The Jopen Haarlem Brewery is particularly interesting, and not simply for the fact that it is located in Holland, a place we infrequently look to for our international beers. They are exceptionally noteworthy for the type of beers they produce, which are faithful reproductions of medieval recipes. Back in the heyday of Dutch Brewing—the Middle Ages—hops were not used to flavor and bitter beer. A blend of herbs and spices, called "gruit", was instead used to offset the sweeter flavors produced by malts and grains. Exotic herbs and spices such as yarrow, wild rosemary and sweet gale were typical ingredients used for the unique brews produced in the region. These ancient beers tended to be highly intoxicating, were reputed to stimulate the mind, induce euphoria, and served as aphrodisiacs.
While several breweries in the world still try their hand at brewing gruit beer, many recipes are based on careful guessing. The Jopen Haarlem Brewery, however, actually helped resurrect the style by employing archived recipes that were recorded in Haarlem's public municipal texts. These distinctive recipes, dating from 1407 and 1501, were so important to the regional economy that they were preserved as a matter of public record by the town's archivist. By the year 1400, brewing was the most important commercial activity of the city. By the late Middle Ages, Haarlem beer was exported throughout the world—with popular export destination cities peppered from Russia to France.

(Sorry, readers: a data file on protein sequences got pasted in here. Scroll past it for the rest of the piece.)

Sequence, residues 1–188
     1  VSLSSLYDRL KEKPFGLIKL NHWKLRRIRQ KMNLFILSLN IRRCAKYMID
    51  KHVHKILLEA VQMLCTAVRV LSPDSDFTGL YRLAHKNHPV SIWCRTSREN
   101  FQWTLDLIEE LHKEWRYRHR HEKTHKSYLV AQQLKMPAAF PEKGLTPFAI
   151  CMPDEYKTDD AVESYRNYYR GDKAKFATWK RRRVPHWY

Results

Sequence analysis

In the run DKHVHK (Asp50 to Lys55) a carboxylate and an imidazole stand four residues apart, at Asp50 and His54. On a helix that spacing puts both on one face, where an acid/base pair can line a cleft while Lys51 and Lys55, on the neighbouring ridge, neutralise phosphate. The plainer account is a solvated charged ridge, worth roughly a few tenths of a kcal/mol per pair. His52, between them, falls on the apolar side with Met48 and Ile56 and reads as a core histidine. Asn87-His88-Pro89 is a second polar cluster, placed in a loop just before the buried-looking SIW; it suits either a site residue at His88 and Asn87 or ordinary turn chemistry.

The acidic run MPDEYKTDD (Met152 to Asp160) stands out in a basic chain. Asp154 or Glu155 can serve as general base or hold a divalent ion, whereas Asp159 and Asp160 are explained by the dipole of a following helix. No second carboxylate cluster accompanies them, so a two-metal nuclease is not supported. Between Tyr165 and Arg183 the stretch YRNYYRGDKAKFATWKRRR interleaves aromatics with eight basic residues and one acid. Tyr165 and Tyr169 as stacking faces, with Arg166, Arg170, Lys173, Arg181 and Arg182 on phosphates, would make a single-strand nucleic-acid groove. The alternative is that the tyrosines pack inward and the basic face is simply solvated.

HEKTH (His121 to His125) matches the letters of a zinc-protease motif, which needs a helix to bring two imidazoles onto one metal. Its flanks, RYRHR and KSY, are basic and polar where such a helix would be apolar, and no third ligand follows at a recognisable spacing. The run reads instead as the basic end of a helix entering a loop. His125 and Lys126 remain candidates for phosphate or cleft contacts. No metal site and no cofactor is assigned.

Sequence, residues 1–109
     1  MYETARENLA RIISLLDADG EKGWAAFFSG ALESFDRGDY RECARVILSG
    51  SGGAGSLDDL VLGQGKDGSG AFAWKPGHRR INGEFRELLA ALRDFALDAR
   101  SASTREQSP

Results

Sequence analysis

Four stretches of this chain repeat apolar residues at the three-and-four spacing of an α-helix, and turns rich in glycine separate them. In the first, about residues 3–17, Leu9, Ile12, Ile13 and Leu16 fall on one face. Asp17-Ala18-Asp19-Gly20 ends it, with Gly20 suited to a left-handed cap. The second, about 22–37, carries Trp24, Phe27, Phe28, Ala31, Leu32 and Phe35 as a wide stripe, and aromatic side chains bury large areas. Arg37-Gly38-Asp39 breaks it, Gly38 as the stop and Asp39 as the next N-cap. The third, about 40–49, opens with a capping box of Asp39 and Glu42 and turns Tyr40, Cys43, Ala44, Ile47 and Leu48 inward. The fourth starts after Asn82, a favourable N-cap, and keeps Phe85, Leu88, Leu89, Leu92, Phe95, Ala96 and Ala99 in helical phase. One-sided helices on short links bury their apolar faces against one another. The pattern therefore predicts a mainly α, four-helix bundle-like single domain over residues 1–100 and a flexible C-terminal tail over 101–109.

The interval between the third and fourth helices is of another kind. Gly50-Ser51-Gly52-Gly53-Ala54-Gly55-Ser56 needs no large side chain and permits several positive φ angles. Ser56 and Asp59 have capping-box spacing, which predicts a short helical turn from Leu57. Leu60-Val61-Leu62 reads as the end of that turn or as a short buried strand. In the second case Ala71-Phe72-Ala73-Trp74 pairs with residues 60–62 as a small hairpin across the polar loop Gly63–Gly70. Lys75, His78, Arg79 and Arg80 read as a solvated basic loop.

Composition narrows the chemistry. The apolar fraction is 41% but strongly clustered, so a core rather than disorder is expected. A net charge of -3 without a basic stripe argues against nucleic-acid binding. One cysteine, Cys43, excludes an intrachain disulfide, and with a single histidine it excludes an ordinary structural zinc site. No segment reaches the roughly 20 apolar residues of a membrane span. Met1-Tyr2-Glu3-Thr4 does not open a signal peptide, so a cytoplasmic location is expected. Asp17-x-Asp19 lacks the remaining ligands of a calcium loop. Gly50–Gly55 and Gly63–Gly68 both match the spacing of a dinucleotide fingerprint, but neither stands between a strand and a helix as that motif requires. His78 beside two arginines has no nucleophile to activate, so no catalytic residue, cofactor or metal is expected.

Over 100 Netherlands brewers were in operation during this period, a point that must have struck a nerve when the last of them closed up shop in 1916. During the city's 750th anniversary, in 1995, a group of enthusiastic Haarlemmers took up the challenge of bringing beer back to the region by brewing the centuries old style. Perhaps it was the pride of drinking a beer brewed by their forefathers, or maybe it was the excitement of microbrewing distinctive beers and having the option of drinking something other than the ever present pilsner, or just the fact that their beers were darned tasty, but their efforts have been met with much praise.
Jopen is based just about 10 miles west of Amsterdam, but they don't yet have their own brewery, so we can't exactly encourage a visit. (Their beers are currently brewed via contracts with local breweries). However, their beers are fairly well distributed in the region, so if you're ever out there, keep your eyes open for any of the distinctive Jopen beers.
For more information, visit Jopen's website at http://www.jopen.nl/